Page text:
It is forbidden to at matzah on the day before Passover, so we must use challah during this Sabbath. However, we cannot leave any challah or challah crumbs in the house during Passover, so we must be very careful to eat
every last bit of the challah.

What is generally done is as follows:

Before the Sabbath, we buy very small challah rolls. Make sure to put them far away from anything to be used for Passover. And be sure to put them in a place where children or animals can’t get to them. You do not want them anywhere in the house during Passover!

On Sabbath, we are required to eat three meals: one at night, and two during the day. On this Sabbath, for each of the three Sabbath meals, we eat the challah in the hallway, or on the outside steps, or somewhere that we are allowed to carry the challah (i.e., not in another domain or property). We make sure to finish the challah entirely, leaving as few crumbs as possible. We brush ourselves off very carefully, so we do not bring any crumbs of chometzinto the house. We very carefully wash our hands and mouths in the bathroom, or anywhere that will not be near Passover food. (Toothpicks are often very helpful for this. If you want to brush your teeth, which is a good idea, you must make sure not to use toothpaste. It is forbidden to use toothpaste on the Sabbath. Mouthwash is permitted, but it won’t help against the chometz in your teeth and mouth.)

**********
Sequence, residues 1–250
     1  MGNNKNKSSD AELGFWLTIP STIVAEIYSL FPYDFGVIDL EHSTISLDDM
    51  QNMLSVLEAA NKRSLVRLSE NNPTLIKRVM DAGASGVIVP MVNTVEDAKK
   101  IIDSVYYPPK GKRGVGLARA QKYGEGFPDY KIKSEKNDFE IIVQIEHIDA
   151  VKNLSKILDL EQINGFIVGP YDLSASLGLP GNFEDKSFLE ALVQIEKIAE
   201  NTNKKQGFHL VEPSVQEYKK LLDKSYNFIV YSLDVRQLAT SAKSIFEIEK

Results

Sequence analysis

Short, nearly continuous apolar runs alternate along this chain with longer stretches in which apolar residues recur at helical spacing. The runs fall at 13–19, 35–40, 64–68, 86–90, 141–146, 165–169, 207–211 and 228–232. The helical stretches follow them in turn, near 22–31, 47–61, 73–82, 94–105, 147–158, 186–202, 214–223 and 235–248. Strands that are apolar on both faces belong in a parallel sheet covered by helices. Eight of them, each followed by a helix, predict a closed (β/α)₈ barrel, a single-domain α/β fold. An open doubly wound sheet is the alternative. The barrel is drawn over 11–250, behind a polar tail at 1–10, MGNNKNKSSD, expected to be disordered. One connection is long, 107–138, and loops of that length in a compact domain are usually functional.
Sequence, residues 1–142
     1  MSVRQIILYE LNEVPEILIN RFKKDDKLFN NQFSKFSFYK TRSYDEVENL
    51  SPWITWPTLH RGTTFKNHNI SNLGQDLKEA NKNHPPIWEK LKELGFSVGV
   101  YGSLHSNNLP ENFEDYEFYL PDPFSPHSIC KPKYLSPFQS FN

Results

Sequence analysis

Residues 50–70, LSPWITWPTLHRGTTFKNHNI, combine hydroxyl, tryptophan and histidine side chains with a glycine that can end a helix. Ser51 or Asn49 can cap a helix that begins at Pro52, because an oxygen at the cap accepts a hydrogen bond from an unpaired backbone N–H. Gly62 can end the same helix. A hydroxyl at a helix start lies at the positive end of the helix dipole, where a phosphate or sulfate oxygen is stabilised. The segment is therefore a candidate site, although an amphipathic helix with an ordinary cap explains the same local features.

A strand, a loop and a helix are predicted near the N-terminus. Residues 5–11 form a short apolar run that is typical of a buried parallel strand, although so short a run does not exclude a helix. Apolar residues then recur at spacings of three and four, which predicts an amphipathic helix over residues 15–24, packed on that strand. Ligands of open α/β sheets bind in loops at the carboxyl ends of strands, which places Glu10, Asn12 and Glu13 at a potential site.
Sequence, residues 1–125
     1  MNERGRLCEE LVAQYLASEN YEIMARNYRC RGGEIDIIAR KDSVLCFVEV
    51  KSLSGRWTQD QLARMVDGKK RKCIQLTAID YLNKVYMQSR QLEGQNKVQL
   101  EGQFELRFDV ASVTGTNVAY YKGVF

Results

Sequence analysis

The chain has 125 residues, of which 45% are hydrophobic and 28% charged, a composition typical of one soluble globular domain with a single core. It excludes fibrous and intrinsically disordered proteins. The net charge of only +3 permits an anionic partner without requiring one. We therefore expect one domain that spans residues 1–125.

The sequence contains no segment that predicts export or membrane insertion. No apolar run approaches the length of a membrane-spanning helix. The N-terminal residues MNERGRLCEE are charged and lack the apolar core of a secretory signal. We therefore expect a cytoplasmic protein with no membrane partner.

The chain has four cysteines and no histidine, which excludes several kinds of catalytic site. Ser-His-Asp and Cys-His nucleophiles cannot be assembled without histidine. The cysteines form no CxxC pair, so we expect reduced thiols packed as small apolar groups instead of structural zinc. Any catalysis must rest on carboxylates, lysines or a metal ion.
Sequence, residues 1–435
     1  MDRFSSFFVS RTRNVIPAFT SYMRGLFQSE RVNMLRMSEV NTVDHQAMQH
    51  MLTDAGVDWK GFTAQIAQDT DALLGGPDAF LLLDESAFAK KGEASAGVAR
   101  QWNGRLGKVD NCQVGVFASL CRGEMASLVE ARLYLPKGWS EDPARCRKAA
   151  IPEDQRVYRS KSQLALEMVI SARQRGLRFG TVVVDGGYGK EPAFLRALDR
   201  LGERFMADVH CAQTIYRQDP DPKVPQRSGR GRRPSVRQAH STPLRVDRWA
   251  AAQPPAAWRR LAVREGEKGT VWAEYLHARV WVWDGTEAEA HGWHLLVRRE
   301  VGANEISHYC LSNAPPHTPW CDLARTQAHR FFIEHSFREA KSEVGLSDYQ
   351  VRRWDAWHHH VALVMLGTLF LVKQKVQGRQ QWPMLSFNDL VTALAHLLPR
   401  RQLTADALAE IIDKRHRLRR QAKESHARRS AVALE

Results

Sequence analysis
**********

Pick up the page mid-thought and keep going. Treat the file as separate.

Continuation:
When we are sure we are as clean as we can make ourselves, we then return to the dining room, and eat the Sabbath meal using the Passover dishes. We do this process for all three meals of Shabbos.

Since it is still very difficult to ensure that we are completely free of chometz, especially in our mouths, many people use plastic dishes for the Shabbos meal. We can’t use the yearly dishes, since even before Shabbos we must put
those dishes and utensils away for Passover.

As I mentioned above, on the Sabbath we are supposed to eat three meals — one at night, and two during the day. However, it is forbidden to eat a meal in the afternoon before a Sabbath or Holiday. It is also forbidden to eat any chometz after a certain time of the day. That time of day is usually very early in the morning.

Let me discuss this a bit.

It is forbidden to eat chometz or to own chometz, or to even use chometz, past a certain time of the day on the morning before Passover. This time always takes place at a specific, calculated time, based on the length of the day in each area. In other words, it is dependent on locale.

If you travel often, you may have noticed that the daylight hours are longer in some parts of the world than in others, throughout the year.

You may have heard that at the North Pole there are six months of night and six months of day. During the summer months, there is no nighttime at all. During the winter, there is no daylight.

As you move a little more south, say to northern Greenland, or Svalbard, you begin to see a little nighttime, for periods as short as an hour in some areas. As you move more south, like in northern Norway, you get slightly longer nights. and so on, as you move south.